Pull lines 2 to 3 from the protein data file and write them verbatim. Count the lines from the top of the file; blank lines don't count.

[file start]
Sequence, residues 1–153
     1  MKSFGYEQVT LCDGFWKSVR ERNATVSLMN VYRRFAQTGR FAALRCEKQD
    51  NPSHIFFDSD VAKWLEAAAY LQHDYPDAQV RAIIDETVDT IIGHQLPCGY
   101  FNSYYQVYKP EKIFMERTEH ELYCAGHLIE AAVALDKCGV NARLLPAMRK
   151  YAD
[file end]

     1  MKSFGYEQVT LCDGFWKSVR ERNATVSLMN VYRRFAQTGR FAALRCEKQD
    51  NPSHIFFDSD VAKWLEAAAY LQHDYPDAQV RAIIDETVDT IIGHQLPCGY